w) Facts in issue are those facts which are so closely and intimately attached to the “Issue”; and by the natural inference from which the existence / non-existence of said “issue” may be determined.


x) The mandate of S.5 of the Evidence Act may be instructive in this respect which says that evidence may be given of “facts in issue” and of “relevant facts”, and of no others [Sections 6 to 55 of Evidence Act]. It is also well settled that the party leading any evidence, must in the first instance, plead such facts, and then only he is allowed to lead evidence on such fact.[(2014) 5 MhLJ 233] (2010) 1 SCC 466; (2007) 10 SCC 21, 27; (1999) 4 SCC 403; (1999) 8 SCC 692; AIR 2012 SC 264. AND, therefore, “Facts in Issue” and “Relevant Facts” also constitute material facts of the case and must also be pleaded, alongwith principal facts.


y) Therefore, a heavy burden is cast upon the Plaintiff who invokes the jurisdiction of the Court, to make out a clear cut case for the reliefs he claims; and my brief experience shows that a frivolous Suit would always be wanting in “pleadings of material facts”, and the Plaint may liable to be rejected as provided under O.7 R.11(a) to (d), as the case may be; and in every Application under O.7 R.11(a), it must be shown that, in the chain of events, Plaintiff is obliged to prove “this fact” to claim “this Relief”, and the said “this fact” is not “duly” pleaded in the Plaint; and therefore, the Plaint does not disclose cause of action. “Duly” implies a fact which is pleaded and which is supported by applicable documentary evidence, upon which the Court can frame an “issue” if the said fact is disputed;


z) And if the Plaintiff makes out a good case, the burden then falls upon the Defendant to “traverse” the material facts; and his failure to adequately “traverse” the material facts, as provided under O.8 Rr.1A, 3, 4, and 5, may entitle the Plaintiff to claim decree based on the mandate of O.12 R.6, r/w O.15, r/w Sections 17 and 58 of Evidence Act.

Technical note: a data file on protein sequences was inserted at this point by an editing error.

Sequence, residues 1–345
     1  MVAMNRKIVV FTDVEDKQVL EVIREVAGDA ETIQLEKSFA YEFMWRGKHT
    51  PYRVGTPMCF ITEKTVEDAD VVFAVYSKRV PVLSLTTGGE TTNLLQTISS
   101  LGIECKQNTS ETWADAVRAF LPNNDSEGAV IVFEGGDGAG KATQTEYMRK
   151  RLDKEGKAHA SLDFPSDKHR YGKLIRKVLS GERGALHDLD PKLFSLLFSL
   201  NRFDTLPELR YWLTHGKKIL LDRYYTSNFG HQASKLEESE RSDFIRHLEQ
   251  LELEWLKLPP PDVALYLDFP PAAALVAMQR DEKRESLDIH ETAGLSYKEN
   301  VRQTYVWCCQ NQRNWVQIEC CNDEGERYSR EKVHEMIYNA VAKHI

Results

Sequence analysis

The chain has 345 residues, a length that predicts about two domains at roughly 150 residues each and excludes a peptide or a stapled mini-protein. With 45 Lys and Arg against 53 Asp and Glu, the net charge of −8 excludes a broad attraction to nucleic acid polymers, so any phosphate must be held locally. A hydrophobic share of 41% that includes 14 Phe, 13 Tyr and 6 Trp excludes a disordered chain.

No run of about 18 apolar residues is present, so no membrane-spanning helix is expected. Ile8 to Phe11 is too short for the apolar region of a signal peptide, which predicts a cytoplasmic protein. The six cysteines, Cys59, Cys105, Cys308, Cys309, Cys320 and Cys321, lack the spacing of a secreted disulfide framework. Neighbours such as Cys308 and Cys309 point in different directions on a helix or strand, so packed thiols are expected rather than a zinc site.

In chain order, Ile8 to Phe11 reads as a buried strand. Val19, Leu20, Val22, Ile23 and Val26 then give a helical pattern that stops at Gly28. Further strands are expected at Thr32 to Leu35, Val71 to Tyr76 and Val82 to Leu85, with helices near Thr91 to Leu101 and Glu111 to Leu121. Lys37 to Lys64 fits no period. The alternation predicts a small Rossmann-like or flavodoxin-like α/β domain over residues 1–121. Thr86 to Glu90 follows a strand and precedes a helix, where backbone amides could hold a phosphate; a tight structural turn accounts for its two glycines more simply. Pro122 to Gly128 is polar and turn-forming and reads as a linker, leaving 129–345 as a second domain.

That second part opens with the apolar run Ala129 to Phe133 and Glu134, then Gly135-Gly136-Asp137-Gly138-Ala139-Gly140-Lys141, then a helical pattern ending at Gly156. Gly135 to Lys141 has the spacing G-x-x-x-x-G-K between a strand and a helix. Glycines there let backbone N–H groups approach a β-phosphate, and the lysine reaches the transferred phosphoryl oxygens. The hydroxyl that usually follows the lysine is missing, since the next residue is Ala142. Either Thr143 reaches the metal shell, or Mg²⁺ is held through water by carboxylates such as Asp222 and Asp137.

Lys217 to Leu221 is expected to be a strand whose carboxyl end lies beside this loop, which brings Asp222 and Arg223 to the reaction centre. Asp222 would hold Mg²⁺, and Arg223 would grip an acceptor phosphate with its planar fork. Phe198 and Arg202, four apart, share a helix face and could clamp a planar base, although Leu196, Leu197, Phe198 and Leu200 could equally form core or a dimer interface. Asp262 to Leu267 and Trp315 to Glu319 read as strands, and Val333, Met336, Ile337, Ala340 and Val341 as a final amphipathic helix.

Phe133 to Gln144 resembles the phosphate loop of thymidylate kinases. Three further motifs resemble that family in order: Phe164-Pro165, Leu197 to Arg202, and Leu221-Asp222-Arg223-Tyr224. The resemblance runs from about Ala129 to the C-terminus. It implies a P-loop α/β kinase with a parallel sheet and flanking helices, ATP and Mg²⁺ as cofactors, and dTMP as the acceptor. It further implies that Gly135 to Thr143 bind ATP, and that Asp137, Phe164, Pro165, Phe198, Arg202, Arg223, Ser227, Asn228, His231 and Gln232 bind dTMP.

aa) Therefore, in every litigation, the Plaintiff must know as which set of facts he must prove, so as to authoritatively ask for the relief claimed for; and more so, it is important for the defendant to know those “set of facts” which must be pleaded and proved by the Plaintiff, before he can authoritatively ask for judgment in his favour, for, if the Plaintiff fails to plead or prove even one fact among those “set of facts”, may render the case of the Plaintiff “fall”.


bb) In my limited understanding of things, a broad approach to drafting of any case may be undertaken in three chronological “Heads” –

i. Reliefs prayed for / claimed;

ii. Grounds for Reliefs prayed / claimed for; (both factual and legal);

iii. Narration of Facts substantiating the said grounds. Further, there would be narration of such facts, which would lay foundation for “material facts of the case”.


cc) Grounds for Reliefs prayed for / claimed implies (a) the essence / conclusion of material facts; and (b) other legal provisions which supports the reliefs prayed / claimed.


dd) It is of central importance that any Relief prayed for / claimed, must be duly articulated, keeping in mind (a) the jurisdiction of the concerned court, where the case is sought to be instituted; (b) the rights / interest claimed of, by the Plaintiff/Petitioner/ Complainant; (c) the obligations and liabilities of the opposite parties / defendant alleged of;


ee) Further, every principal Relief claimed, must be supported by sufficient grounds, to make a strong case for the entitlement of the said Relief and further claim of consequential reliefs thereupon;


ff) Also, Courts exercises limited jurisdiction, in respect of certain Applications, wherein the provision of law itself prescribes the conditions, on the satisfaction of which, the court may exercise its jurisdiction. Like for example, in Civil Revision Application, conditions prescribed for exercising jurisdiction are narrated in Section 115 itself. Likewise, there could be Review Applications, Application for condonation of delay, Bail Applications, Criminal Revision Application, Application u/s 482 of CrPC, 1973 and so on.


gg) Also, while claiming any relief under Specific Relief Act, 1963, the said Act also indicates the conditions to be satisfied with, while claiming respective relief. In fact, in the exercise of every jurisdiction, the conditions to be satisfied with, for the exercise of said jurisdiction by the Court, are provided in the concerned Section / Article itself, which confers jurisdiction upon the Court to entertain the concerned Application / Suit / Petition.


Sandeep Jalan